# simple functional inequality [closed]

This comes up in a paper by Beskos and Roberts on exact simulation of diffusions. I'm sure it's easy, but I can't work out what's going on.

Given a differentiable function $\alpha$ satisfying

$\alpha(u) \geq k_1$

and

$\alpha'(u) \leq k_2$,

for some constants $k_1$ and $k_2$, show that there exist constants $c_1$ and $c_2$ such that

$c_1 \leq \alpha^2(u) + \alpha'(u) \leq c_2$.

Clearly one condition implies alpha is bounded below and one implies that alpha has at most linear growth, but I don't see how this is enough for the conclusion.

Edit - I'm a fool. They wrote $k_1 \leq \alpha(u), \alpha'(u) \leq k_2$, but there was a line break after the comma. I was reading them as two seperate conditions on $\alpha$ and $\alpha'$. Sorry everyone, thanks for the help. If it wasn't for the counterexamples it would have taken a lot longer to realise that.

Thanks.

## closed as too localized by Lord_Farin, Start wearing purple, Martin, Ittay Weiss, Julian KuelshammerJun 4 '13 at 11:10

This question is unlikely to help any future visitors; it is only relevant to a small geographic area, a specific moment in time, or an extraordinarily narrow situation that is not generally applicable to the worldwide audience of the internet. For help making this question more broadly applicable, visit the help center. If this question can be reworded to fit the rules in the help center, please edit the question.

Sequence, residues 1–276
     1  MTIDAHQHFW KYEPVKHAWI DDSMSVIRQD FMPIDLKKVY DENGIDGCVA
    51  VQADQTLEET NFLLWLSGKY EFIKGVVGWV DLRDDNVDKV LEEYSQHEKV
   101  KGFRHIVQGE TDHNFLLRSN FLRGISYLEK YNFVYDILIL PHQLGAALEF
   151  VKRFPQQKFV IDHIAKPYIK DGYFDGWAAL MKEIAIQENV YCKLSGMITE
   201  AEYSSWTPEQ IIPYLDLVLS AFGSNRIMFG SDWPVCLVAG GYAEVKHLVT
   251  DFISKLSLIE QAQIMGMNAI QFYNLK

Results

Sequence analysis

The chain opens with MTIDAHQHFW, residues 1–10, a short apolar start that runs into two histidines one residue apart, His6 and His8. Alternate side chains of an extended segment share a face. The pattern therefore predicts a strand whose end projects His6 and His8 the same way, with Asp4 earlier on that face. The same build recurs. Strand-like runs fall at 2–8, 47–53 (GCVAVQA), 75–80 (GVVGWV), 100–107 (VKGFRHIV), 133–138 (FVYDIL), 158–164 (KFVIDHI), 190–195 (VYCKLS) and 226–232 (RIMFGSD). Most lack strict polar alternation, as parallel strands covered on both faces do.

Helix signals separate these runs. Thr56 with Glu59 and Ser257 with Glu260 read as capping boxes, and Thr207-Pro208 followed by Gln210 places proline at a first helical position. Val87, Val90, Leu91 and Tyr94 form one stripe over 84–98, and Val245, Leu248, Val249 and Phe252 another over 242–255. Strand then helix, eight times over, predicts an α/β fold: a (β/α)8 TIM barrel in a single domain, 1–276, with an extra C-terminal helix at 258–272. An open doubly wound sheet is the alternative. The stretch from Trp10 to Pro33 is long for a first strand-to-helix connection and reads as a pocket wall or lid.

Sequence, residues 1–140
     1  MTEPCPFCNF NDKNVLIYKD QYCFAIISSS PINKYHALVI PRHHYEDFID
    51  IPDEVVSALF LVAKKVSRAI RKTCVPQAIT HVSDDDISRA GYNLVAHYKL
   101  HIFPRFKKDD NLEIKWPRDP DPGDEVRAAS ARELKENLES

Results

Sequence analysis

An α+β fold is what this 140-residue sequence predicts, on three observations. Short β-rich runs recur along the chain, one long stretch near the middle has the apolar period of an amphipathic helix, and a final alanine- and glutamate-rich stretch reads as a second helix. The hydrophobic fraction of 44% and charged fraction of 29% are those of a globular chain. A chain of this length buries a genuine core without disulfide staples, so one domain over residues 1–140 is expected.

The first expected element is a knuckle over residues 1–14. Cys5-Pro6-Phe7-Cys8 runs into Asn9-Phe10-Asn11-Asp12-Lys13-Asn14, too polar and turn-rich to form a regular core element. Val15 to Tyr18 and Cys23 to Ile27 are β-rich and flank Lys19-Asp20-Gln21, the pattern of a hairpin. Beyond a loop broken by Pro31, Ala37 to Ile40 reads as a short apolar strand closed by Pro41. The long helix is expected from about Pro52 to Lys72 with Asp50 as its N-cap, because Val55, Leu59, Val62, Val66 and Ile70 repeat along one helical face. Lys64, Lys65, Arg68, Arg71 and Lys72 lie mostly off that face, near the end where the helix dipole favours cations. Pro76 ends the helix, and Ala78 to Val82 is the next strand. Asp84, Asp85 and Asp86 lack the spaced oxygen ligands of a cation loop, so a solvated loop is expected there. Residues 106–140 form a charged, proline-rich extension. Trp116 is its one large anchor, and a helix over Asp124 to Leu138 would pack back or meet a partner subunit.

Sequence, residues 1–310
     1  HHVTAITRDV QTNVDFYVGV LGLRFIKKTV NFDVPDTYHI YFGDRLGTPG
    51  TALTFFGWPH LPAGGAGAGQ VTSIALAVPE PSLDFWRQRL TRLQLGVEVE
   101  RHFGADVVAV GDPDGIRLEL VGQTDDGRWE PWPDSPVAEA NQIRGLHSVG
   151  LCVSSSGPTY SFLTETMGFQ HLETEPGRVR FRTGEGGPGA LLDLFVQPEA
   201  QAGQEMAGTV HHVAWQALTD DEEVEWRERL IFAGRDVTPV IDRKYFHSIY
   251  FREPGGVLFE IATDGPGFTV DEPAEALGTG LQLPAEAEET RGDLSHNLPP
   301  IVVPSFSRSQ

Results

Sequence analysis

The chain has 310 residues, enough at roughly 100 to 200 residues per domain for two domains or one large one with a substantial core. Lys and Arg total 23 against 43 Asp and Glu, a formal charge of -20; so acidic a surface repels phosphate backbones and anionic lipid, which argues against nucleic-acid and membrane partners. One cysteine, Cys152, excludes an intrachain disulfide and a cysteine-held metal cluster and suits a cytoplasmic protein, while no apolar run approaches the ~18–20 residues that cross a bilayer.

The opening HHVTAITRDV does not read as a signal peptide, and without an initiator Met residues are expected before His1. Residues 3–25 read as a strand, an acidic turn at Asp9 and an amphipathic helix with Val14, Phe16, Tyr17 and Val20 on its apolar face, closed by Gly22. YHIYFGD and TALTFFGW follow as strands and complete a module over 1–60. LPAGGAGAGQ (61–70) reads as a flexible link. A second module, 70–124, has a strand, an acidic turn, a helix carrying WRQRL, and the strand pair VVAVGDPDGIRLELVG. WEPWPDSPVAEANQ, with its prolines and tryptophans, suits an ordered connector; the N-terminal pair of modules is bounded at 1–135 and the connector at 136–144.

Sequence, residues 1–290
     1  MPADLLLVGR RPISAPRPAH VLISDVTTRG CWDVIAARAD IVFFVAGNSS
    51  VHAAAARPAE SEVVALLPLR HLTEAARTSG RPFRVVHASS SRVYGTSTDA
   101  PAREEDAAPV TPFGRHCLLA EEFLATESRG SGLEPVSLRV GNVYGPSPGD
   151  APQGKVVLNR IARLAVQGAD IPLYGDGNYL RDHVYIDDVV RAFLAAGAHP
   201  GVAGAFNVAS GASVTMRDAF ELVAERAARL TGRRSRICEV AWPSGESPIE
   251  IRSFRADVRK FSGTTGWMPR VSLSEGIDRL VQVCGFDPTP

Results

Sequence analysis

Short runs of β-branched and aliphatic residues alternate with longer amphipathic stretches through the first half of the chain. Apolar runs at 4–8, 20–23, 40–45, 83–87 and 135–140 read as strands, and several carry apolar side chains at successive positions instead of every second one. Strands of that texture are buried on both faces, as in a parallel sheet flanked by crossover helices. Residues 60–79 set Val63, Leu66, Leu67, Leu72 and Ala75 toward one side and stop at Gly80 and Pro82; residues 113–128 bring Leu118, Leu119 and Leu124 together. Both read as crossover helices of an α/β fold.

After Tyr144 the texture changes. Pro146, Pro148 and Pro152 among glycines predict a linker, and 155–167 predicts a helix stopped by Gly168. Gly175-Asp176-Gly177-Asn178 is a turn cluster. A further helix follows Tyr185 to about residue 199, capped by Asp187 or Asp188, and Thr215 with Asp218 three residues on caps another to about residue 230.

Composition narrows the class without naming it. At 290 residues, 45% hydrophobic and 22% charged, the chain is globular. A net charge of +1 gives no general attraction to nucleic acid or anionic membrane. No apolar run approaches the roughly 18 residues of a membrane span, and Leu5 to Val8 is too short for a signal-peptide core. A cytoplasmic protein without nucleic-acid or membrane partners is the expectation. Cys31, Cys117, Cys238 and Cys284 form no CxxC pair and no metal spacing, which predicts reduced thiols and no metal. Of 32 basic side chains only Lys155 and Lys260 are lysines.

• It would help to link to the paper you speak of... – J. M. is a poor mathematician Nov 5 '10 at 16:17
• $\alpha(u) = u$ for $u > 0$ seems to be a counterexample. – Aryabhata Nov 5 '10 at 16:19
• Sorry, I think they require $\alpha$ defined on the whole real line and everywhere differentiable. The relevant paper is here: arxiv.org/pdf/math/0602523. Page six, conditions 3 and 3' – Simon Nov 5 '10 at 16:24
• $\alpha'(u)=-1$ for $u\leq-1$, $\alpha'(u)=1$ for $u\geq1$, and $\alpha'(u)=u$ for $-1\leq u\leq1$ gives a family of counterexamples on $\mathbb{R}$ with $\alpha'\leq 1$ and $\alpha\geq \alpha(0)$. – Jonas Meyer Nov 5 '10 at 16:27
• That would a priori be a reasonable interpretation even without the line break, but with the line break it was especially ambiguous. No need to apologize. – Jonas Meyer Nov 5 '10 at 16:45